The third season of Game Of Thrones has come and gone faster than a flagon of wine in the hands of Tyrion Lannister—it was a riveting season filled with chopped off hands, bear fights, and a Red Wedding that became the most talked about TV moment of the year. The show just keeps picking up new viewers too: this season was the second highest rated in the history of HBO. But summer is coming, and with nine agonizing months until season 4, a lot of fans might be wondering how they'll fill those long hot Sunday evenings without knowing what Rickon is up to (LOL, nobody cares about Rickon). Which means now is the perfect time for TV fans to catch up on the novels the series is based off of—or should they?

I have been watching the television show since the premiere, thanks mostly to great early critical reviews (thank you Alan Sepinwall and AV Club) and the killer cast (Sean Bean? Peter Dinklage? Mayor Carcetti? Hell yeah). Plus I had run out of Battlestar Galactica episodes to burn through. But outside of reading The Lord Of The Rings books, I've never been much for fantasy epics (maybe I have wizardphobia).

Despite loving the first season, I had no inclination to read the novels until around the time of the "Blackwater" episode of Season 2, when suddenly I couldn't stop wondering where everything was going. But did I really want to sift through thousands and thousands of pages of description of the kinds of foods they eat at King's Landing? So before the start of Season 3, I was piqued enough to start asking friends, colleagues and acquaintances who were fans of both the show and books whether or not they thought it'd be worth it for a TV show fan to read A Song Of Ice And Fire, having already gotten through over two of the novels in the series. And I received a very wide, passionate range of responses.

Many agreed that even though the show does a nice job condensing the story, they definitely think the books are worth diving into, especially if you appreciate world-building stuff. "Because that's the big, big difference to me. The little corners of the world and the characters are filled out better, just like you'd expect an adaptation to lack," said Matt Lubchansky. At the same time, he warned: "People shouldn't come at the books expecting fucking Thomas Pynchon or Margaret Atwood or something. It's just super fun to read."

Ben Lieberman, who describes himself as "a major fantasy nerd" who read the novels multiple times before the series began, is even more adamant: "No one is going to mistake Martin for Faulkner, but for genre fiction his prose is top shelf. Of the dozens of writers in this genre I have read, he is easily top 2 or 3."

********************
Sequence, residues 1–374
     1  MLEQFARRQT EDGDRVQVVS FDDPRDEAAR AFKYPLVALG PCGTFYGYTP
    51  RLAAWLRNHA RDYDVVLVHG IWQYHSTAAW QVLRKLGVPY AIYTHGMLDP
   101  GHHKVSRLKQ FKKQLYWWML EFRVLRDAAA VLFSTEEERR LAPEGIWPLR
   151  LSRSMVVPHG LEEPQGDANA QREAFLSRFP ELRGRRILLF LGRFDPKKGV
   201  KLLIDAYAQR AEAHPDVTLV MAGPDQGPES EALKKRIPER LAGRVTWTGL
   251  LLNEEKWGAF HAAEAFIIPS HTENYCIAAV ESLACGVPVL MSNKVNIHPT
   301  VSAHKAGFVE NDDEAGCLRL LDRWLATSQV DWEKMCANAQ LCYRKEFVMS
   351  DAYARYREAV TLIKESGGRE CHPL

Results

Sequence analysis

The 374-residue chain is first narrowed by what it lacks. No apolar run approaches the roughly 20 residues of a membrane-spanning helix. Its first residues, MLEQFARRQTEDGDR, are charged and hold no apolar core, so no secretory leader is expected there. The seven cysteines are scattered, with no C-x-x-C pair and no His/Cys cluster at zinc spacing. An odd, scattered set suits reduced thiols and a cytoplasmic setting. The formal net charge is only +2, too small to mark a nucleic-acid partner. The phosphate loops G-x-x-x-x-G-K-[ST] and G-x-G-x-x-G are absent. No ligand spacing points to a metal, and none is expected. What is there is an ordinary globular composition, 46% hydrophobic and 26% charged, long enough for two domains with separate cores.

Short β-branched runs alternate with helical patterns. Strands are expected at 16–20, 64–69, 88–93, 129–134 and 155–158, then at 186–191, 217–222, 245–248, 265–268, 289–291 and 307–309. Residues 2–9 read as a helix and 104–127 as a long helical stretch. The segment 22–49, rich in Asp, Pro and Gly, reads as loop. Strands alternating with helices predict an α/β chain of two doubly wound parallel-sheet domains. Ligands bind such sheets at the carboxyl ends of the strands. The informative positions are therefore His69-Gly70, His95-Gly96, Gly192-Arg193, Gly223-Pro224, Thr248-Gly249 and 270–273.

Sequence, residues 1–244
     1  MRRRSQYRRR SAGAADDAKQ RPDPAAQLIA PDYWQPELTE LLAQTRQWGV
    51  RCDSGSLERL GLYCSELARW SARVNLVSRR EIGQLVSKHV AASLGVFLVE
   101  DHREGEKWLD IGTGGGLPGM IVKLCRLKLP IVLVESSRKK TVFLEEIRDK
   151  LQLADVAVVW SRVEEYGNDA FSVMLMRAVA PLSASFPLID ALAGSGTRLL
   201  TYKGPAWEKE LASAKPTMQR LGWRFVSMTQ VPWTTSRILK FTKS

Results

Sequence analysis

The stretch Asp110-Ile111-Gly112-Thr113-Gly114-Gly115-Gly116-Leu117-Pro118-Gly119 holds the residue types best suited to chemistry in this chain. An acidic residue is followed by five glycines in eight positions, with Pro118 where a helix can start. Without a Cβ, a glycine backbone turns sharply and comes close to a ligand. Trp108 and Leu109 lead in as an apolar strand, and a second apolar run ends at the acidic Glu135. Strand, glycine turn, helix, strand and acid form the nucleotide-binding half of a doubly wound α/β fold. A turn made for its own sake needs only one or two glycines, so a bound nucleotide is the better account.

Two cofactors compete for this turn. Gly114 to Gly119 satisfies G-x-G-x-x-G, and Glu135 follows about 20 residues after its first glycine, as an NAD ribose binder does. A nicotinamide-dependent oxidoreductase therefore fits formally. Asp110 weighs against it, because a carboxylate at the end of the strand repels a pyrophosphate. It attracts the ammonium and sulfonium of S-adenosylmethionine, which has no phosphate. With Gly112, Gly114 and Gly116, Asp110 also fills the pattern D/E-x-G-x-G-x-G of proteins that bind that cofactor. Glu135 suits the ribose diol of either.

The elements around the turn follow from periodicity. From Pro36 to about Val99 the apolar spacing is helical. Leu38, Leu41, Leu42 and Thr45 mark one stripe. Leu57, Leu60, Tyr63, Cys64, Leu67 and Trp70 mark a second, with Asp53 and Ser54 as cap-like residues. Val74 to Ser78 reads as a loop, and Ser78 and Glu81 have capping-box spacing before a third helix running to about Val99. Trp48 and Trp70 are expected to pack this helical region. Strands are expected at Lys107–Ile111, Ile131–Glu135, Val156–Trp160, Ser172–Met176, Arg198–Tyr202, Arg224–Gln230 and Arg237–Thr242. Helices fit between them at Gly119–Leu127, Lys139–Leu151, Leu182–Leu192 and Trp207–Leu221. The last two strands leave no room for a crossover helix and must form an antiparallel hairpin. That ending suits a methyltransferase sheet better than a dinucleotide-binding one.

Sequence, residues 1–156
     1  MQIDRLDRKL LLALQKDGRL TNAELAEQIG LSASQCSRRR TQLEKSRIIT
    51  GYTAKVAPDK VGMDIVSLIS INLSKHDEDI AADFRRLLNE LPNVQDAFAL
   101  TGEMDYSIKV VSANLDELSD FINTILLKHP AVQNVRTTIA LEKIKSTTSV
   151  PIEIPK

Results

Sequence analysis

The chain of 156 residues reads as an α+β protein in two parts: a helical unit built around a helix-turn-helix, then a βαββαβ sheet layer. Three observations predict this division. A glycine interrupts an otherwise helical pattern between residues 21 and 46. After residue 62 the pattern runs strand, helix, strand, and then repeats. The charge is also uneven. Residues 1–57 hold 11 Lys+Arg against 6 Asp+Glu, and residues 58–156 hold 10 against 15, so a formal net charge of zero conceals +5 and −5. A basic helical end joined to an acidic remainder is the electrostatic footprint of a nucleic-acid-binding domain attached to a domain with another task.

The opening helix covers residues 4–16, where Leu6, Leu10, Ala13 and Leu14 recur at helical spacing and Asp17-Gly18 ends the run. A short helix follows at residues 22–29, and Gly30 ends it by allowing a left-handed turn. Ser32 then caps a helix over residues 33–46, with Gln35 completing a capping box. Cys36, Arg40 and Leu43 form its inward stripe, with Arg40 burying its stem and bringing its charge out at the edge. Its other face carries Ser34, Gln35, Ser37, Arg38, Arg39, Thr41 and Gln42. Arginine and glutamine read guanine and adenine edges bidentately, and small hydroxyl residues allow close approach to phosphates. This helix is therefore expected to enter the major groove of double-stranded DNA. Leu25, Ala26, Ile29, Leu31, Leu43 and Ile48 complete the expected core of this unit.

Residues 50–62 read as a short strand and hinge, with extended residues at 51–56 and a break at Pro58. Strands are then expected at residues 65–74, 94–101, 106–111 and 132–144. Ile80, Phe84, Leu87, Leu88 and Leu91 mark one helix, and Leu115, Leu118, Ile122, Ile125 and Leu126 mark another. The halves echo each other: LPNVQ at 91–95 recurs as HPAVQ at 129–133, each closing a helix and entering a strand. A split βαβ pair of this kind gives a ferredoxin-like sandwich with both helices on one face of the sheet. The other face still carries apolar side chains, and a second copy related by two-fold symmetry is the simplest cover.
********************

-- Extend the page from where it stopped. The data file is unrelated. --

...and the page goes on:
"I read the books before watching the show," Victoria Pratt said, "and for me, the show greatly enhanced my experience of the world—it highlighted parts I might have skimmed over, especially battle scenes (which I find hard to follow in print). However, the books are kind of a slog if you don't LOVE that kind of fantasy writing and I think the show does a really good job of being faithful to the books and capturing their essence."

Owen Hutchinson, who started reading them after watching the first season, added that he has yet to meet a fan who regretted reading the books before or after watching the show: "There are tons of subplots, characters, and other details that, due simply to the medium of television, simply cannot convey. People who enjoy the show would love the books. I don't know anyone who hasn't / doesn't."

Latif Nurani actually wishes he could go back and watch the show first before trying out the books. Kellen Parker adds that the depth makes certain characters seem more intelligent than they come across in the show: "Characters like Caitlyn and Ned don't come out as boneheaded in the books, although Sansa chapters can be a little painful."

Not everyone was so gung ho though: "Only the geekiest fans of the show will enjoy the books," argued David Jacobs. "The books are much more violent. As the producers [have said], the oft-parodied levels of sex and violence in the show are taken to an even higher level in the books." You can get a good feel for that heightened prose in the video below:

But maybe you've heard some griping from fans about Books 4 and 5 in the series slowing down and focusing on less interesting characters—worry not, says Eric Chung: "I read all the books more or less immediately after Season 1. I had to take a hiatus during book 4 because of how ridiculous it was...Then everything came together in 5 and I was like, Okay."

And if you have a hard time keeping track of characters on the TV show, you may have a much harder time with the books: "I have never been one who enjoys reading long, convoluted epics that require family trees and maps and new languages," said former Gothamist writer Jaya Saxena. "That's why I love the show. I appreciate the actual stories these books produce, but so many times I get too bogged down in trying to remember who someone is who hasn't shown up in four chapters, or how people are related, that I can't actually enjoy the story. The show lets me have the ease of facial recognition."

Then there's the matter of spoilers—in researching Game Of Thrones character backgrounds for the weekly Power Rankings, I myself had many large plot points spoiled (including the Red Wedding). If that really matters to you, then you may want to avoid the novels at this point (and also a lot of sites trying to predict when the next big twists will come). But for some people, that's part of the fun: "I'm gonna actually try and read them now," said Michael Austin, "so I can be mad at George R.R. Martin about things faster."